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Community Update on Coronavirus: April 9, 2020

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Jeremy Haefner

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Dear DU Community,

As we near the end of week two of spring quarter, the academic experience for faculty and students has come more clearly into focus. We want to thank the many students who have reached out to us by email to share their personal experiences with navigating resources, accessing technology and managing the many stresses associated with COVID-19.

During these extraordinary times, when each day brings another unforeseen challenge, it is critical to stay focused on our mission, our vision and our principles. Today the issue is a modified Pass/Fail option for our students and the principle is equity.

The pandemic has forced all of our faculty to deliver their courses online and all of our students to become online learners. And yet, we are well aware that our students learn differently. Some of our students do not enjoy the same privileges as high-speed internet and up-to-date computers to participate fully in online learning. Some students have complex home environments that make it extraordinarily difficult to focus their undivided attention on the learning process. Some students come from populations where the data shows that the virus is hitting them harder and so are dealing with anxiety and concern about loved ones afflicted with the virus. And some students experience learning differences that are not optimized in an online environment. Here’s what one student shared this week:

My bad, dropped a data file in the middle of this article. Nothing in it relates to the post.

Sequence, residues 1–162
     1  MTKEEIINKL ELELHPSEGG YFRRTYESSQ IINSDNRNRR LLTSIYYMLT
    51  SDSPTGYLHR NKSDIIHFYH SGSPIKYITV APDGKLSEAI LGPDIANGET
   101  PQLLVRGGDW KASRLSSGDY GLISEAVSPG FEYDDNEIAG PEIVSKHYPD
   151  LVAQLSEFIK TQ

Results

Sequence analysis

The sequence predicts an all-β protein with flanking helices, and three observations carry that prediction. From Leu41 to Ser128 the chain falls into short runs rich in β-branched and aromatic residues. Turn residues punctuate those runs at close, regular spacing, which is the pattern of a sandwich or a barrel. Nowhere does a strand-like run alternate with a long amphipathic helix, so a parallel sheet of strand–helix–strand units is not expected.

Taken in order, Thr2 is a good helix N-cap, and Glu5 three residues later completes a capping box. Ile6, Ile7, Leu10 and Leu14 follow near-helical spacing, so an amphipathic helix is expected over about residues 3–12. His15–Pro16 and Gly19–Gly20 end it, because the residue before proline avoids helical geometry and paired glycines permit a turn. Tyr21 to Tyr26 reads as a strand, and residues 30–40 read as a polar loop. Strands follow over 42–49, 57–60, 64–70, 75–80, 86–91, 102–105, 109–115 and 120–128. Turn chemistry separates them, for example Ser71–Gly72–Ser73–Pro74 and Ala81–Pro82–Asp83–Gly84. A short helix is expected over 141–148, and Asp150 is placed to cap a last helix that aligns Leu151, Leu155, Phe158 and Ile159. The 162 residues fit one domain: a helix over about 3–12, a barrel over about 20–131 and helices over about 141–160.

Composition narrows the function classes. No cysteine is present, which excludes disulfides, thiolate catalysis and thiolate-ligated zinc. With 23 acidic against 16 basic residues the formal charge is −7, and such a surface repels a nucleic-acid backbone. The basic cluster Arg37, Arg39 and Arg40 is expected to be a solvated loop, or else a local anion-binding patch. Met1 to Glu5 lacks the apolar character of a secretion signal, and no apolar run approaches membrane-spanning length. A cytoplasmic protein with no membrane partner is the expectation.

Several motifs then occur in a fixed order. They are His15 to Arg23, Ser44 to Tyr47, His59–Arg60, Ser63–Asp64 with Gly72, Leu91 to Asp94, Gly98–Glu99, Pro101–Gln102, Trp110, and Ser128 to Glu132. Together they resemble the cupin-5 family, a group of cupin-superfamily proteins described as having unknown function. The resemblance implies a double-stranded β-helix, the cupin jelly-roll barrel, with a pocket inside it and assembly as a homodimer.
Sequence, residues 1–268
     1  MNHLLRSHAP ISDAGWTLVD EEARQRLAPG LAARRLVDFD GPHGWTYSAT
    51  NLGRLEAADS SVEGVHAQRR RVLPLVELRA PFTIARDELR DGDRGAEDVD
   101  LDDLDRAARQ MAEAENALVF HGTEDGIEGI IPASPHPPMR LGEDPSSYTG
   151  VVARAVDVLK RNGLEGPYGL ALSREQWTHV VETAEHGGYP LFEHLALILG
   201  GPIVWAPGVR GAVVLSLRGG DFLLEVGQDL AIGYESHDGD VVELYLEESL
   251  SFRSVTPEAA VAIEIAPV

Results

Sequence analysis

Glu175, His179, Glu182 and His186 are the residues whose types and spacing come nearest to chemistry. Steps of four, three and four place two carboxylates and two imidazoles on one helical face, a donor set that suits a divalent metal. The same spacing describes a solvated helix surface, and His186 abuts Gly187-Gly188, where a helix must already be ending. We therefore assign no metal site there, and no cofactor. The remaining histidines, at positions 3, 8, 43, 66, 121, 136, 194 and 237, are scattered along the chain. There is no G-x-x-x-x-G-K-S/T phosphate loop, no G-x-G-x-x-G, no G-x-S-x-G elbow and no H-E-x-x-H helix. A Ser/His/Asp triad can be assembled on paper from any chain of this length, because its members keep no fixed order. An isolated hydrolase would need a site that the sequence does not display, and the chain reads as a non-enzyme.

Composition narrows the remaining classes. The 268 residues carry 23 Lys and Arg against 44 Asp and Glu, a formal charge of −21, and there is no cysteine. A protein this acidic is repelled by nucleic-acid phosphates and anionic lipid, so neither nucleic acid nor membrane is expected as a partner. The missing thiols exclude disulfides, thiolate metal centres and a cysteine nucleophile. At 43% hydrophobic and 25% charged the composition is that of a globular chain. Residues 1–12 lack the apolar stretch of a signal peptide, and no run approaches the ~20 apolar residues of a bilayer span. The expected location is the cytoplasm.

“I’m speaking from experience as a 2nd-year student who lives in Section 8 housing and struggles with mental health. This isolation in a small space coupled with a full course load has made it difficult to focus on my assignments and I am rapidly falling behind, even though I’m trying my best. I know there are many students in similar situations struggling with mental health, online learning, unemployment, technology limitations, extreme time differences, etc. Many of us including myself have worked hard in our time at DU to maintain high GPA’s and feel discouraged by current circumstances.  A Pass/Fail option can give students some of our power back, allowing us to do the best we can instead of worrying about how we’re not doing well enough.” 

We are all here to serve our students and they are at the heart of all that we do. Therefore, understanding their needs and listening to their calls for compassion and for equity is, and always must be, our first priority. 

Over the past three weeks, we have listened carefully to many constituent groups, including the Faculty Senate, the Faculty of Color Association, the Joint Council representing undergraduate affinity groups, and Graduate Student Government. We also have met with leaders of the Undergraduate Student Government (USG), which is elected to represent the interests of our undergraduate students. Earlier this week, USG passed a resolution to implement a Pass/Fail option for the 2020 spring quarter.  It is also worth noting that our students initiated a petition that has garnered more than 1,100 signatures, endorsing a Pass/Fail option. At the heart of this input is the principle of equity as many of our students are struggling due to very different circumstances.